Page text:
The Proposal

The Municipality has expropriated much lands and buildings in the 1970’s to build the “Hekmeh-Turk” axis/Fouad Boutros highway, before the project was finally halted in 1975. The Municipality, that is particularly “poor” in land properties, is here in front of a unique and golden opportunity to do something undoubtedly good with the thousands of square meters it expropriated more than 40 years ago. It has the opportunity to build a new park. The Fouad Boutros Park, which would be the first new park in Beirut since Independance!

This park is an immense oppotunity for beirut. The World Health Organiztion states that, to ensure public health, a city should have a minimum of 9 sqm of green spaces per person. However, Beirut only has… 0,8 sqm of green spaces per inhabitant. 11 times less than the international health norm. In this context, it can be considred a near-criminal act to destroy the 10 000sqm of green spaces present in the Hekmeh neighborhood… to replace them with a polluting highway!

Here below are the first plans of the Fouad Boutros Park. This is more a plan of principle rather than a precise plan, which will be adapted once the required specific studies are conducted.

Attach No 3 Plan gle Habib Achrafieh revu 26 04 2013

The Fouad Boutros Park at the scale of Achrafieh

The Fouad Boutros Park detailed

The Fouad Boutros Park project illustrates a new vision of the city, in coherence with the strategy that Beirut is theoretically implementing with the support of the Ile-de-France region, onseveral ongoing projects and studies. A vision that aims at offering citizens desirable spaces of recreation, an improvement of public space appropriation, of pedestrian and soft mobilities, as well as a real enhancement of quality of life.

The Fouad Boutros highway will be replaced by a long sloping parc, descending like a stairway from the heights of Achrafieh down to the neighborhoods of Mar Mikhayel, Gemmayzeh and Sursock, integrating in its path more than 20 historic buildings and thousands of square meters of gardens, that are already expropriated. It is an immense opportunity for Beyrouth, to finally gain a recreational green space, which will benefit from an very rich existing vegetation. Similarly to the AUB campus, it will include sloped and terraced gardens, ancient trees and historic buildings housing many cultural, commercial and leisure functions.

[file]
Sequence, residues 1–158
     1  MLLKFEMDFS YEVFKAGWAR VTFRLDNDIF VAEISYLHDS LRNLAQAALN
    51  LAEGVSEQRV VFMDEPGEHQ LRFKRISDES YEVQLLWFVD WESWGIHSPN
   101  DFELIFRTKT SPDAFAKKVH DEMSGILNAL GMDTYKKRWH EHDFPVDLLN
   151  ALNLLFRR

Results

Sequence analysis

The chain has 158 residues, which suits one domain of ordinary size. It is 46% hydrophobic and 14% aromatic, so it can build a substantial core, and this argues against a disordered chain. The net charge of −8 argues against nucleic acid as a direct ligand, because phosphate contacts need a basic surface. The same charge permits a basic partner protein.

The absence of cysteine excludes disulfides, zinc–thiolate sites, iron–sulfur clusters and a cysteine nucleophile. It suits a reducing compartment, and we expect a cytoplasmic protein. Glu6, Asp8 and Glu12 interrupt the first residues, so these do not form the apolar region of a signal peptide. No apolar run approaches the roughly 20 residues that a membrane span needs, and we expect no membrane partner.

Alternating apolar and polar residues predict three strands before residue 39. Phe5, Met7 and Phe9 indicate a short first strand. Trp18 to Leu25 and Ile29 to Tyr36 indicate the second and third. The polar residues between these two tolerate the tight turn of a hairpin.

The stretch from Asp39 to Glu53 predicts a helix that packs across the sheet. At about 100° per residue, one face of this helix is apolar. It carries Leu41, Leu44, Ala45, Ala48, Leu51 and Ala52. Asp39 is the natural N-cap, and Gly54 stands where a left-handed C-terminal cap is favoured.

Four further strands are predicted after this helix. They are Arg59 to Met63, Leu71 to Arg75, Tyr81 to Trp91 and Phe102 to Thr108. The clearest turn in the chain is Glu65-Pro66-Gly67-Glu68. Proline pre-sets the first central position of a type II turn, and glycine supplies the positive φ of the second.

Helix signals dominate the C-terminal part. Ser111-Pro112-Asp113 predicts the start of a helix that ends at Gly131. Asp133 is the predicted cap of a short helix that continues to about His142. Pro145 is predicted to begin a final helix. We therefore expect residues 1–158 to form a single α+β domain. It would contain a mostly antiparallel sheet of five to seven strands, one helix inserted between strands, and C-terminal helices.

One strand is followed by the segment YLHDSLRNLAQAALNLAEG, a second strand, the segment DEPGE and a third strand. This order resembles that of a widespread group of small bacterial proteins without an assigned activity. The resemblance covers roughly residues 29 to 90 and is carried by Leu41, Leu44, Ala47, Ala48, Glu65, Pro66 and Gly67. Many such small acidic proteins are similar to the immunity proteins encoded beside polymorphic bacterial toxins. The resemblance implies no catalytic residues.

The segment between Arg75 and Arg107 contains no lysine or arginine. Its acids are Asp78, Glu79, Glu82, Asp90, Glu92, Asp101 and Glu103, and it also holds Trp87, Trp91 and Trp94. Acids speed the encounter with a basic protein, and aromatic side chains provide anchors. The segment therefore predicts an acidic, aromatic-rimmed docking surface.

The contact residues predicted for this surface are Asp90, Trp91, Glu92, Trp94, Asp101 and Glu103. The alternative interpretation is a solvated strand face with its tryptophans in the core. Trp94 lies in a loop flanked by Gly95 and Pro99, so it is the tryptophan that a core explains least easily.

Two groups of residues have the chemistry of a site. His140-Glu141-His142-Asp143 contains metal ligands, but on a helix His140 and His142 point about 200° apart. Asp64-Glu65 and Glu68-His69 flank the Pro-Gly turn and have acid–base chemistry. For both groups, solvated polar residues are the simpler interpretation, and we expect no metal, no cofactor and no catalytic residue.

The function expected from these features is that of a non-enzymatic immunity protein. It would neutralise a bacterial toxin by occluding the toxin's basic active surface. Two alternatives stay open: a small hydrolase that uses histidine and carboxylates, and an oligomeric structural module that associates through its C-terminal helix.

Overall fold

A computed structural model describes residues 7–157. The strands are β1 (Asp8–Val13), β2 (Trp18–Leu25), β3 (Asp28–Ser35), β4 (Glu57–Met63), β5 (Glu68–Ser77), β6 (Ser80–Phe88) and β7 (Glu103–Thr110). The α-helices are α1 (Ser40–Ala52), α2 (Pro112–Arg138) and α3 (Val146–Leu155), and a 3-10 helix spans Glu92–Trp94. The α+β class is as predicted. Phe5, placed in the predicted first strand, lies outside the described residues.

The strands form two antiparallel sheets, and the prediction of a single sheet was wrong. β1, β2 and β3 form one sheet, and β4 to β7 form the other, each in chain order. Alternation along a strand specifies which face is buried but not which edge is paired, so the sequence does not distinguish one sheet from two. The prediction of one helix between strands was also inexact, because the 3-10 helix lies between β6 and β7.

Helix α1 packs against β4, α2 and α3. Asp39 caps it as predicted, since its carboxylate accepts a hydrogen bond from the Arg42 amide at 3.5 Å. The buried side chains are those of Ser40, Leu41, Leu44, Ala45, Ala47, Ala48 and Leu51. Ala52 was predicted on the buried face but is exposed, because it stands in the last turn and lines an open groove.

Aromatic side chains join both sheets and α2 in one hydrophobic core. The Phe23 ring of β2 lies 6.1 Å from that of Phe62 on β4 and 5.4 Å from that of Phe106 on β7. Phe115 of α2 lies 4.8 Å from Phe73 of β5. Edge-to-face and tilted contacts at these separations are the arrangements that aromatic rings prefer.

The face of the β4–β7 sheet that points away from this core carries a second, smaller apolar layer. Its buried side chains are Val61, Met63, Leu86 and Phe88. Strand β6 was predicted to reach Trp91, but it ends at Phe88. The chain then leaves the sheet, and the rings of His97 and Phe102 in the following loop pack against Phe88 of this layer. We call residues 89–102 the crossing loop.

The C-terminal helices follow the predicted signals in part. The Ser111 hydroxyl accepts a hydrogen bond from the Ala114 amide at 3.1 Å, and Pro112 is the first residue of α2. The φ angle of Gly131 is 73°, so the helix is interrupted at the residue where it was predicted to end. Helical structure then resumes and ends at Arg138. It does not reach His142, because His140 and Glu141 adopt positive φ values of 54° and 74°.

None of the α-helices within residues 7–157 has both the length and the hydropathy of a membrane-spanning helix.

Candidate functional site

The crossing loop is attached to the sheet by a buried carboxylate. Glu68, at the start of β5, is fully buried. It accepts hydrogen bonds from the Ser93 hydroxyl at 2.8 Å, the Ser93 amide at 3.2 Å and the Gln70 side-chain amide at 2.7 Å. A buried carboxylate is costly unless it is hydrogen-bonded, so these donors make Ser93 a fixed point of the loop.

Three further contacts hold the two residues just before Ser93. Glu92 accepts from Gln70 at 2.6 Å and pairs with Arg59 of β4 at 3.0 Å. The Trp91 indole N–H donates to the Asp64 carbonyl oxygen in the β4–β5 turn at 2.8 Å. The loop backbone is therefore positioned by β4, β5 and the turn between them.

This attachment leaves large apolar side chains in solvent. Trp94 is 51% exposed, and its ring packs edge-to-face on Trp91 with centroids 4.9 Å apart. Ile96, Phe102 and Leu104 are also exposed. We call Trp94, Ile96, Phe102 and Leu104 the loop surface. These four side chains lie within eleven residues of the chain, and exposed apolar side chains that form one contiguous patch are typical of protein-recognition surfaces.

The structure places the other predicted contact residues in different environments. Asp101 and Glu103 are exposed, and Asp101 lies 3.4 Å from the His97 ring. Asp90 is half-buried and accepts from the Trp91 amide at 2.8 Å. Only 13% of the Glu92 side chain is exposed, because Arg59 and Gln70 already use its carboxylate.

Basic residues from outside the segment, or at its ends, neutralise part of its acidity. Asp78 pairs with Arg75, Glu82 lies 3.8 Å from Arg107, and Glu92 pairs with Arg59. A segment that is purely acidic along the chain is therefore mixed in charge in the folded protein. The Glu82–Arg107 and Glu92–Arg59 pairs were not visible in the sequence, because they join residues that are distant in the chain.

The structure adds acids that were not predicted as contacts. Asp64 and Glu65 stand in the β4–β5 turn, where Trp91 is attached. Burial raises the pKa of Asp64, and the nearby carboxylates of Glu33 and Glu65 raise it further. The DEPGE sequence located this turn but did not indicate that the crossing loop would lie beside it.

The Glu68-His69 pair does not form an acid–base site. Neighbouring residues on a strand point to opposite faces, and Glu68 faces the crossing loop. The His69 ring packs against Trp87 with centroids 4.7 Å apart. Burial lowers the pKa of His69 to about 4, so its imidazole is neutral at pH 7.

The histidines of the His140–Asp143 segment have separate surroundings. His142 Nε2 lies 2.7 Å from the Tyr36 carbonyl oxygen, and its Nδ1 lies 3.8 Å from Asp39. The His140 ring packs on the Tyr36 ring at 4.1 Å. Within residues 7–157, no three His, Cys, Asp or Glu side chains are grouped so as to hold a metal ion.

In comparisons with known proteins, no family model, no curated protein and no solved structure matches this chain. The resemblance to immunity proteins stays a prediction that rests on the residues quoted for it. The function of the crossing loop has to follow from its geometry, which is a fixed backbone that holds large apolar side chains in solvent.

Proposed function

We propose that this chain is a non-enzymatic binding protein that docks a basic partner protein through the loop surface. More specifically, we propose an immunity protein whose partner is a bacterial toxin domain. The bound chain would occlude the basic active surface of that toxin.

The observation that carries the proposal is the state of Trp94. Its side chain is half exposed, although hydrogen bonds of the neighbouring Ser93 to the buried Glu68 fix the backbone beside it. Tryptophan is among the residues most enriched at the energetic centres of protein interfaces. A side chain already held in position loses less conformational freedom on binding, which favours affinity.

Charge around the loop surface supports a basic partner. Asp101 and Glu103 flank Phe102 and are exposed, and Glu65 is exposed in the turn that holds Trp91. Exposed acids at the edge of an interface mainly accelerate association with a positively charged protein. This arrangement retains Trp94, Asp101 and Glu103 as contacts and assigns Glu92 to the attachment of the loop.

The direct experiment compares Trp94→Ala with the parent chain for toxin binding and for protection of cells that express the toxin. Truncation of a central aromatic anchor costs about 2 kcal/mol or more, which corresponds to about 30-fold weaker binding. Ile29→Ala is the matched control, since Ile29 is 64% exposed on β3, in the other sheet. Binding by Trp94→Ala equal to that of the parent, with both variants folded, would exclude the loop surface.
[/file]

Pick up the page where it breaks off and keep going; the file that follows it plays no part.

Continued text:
Why is it a historical opportunity? What is its important concerning the cultural heritage of Beirut?
– Because they happened such a long time ago, the expropriations have allowed to preserve a coherent cluster of historical building and an exceptional natural heritage in the heart of the Achrafieh and Mar Mikhayel neighborhoods. What is exceptional is the fact that these marvelous urban elements are already public property of the municipality.
– Whereas the urban and architectural heritage of the city is rapidly disappearing everywhere in Beirut, because of growing real-estate pressure, this is a rare opportunity to preserve an entire fragment of the city’s history, illustrated by a coherent natural and urban fabric, without necessitating much public spending.
– In terms of the “city’s memory”, the neighborhood is indeed a preserved fragment of the Achrafieh hill, frozen in its historic form since the 1950’s, with its houses and small buildings, its terraces, gardens, fences, stairs and alleyways.